We started the John A. Hamrick Lectureship in 1996. Dr. John’s life illuminated his faith. “If God tells you to do something, he will find a way for you to do it.” When Marshall Blalock arrived as our pastor, he fully supported the lectureship. He also supported Forty Days at First Baptist and Say Something Nice Sunday. None of these could have thrived without his support. Lori Lethco, Marshall’s administrative assistant, deserves a lion’s share of the credit for the success of these programs. There is nothing like the lectureship in the state. It is supported by contributions. The committee and especially Marshall are routinely criticized for our choice of speakers overwhelmingly by people not connected to the church.  Marshall simply states, “The people of First Baptist Church are sophisticated enough to make up their own minds.” The Hamrick Lectureship will celebrate its 20th. Anniversary in January, 2015.

When the editor of the Florida Baptist Witness wrote a front page editorial denouncing Say Something Nice Sunday as, “Gospel Free Sunday,“ Don Kirkland, editor of the Baptist Courier, asked Marshall if he wanted to respond. Marshall replied, “No. His words speak for themselves.”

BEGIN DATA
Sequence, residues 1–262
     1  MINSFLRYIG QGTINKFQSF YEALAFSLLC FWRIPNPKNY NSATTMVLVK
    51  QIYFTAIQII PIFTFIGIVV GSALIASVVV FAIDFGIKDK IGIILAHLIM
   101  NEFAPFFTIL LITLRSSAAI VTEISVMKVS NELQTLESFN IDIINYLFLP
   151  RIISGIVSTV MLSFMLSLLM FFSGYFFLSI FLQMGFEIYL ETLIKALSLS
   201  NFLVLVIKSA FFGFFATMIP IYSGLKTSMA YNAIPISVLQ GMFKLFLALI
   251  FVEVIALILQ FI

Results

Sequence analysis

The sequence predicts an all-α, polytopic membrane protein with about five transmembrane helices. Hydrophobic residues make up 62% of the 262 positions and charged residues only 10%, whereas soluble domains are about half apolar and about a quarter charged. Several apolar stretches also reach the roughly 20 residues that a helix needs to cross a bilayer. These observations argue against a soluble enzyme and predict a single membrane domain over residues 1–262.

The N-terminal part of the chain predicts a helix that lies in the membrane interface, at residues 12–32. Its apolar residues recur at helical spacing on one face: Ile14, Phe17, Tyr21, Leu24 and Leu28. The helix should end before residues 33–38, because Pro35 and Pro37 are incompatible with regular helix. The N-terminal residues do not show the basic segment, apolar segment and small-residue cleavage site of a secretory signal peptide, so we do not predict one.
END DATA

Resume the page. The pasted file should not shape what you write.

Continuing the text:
The celebration of the church’s 325th. Anniversary in 2007 was a glorious affair. The Rev. Dr. Thomas McKibbens, now interim pastor of the First Baptist Church of Providence, Rhode Island – the first Baptist church in America, delivered an electrifying sermon, “The Theology of Friendship.” The service was followed by a congregational lunch at the John Hamrick Activity Center.

I have always loved church. I made my profession of faith public in Northside Baptist Church in Woodruff, South Carolina when I was eleven years old. The invitation hymn was, “Just as I Am.” I am grateful for the wonderful people in that small church that gave me a firm foundation that has allowed me to explore and expand my faith with assurance. “I know in Whom I Have Believed.”

October 6, 2014, is my 50th anniversary as a member of First Baptist Church of Charleston.  For about twenty seven of those I taught an adult Sunday school class after stepping in as a substitute. Although these fifty years have not been without heartbreak and pain, my family and I found a home. This is a loving, supportive church family. I have nothing but gratitude for the people at First Baptist and thanksgiving for the spiritual nourishment I have found here.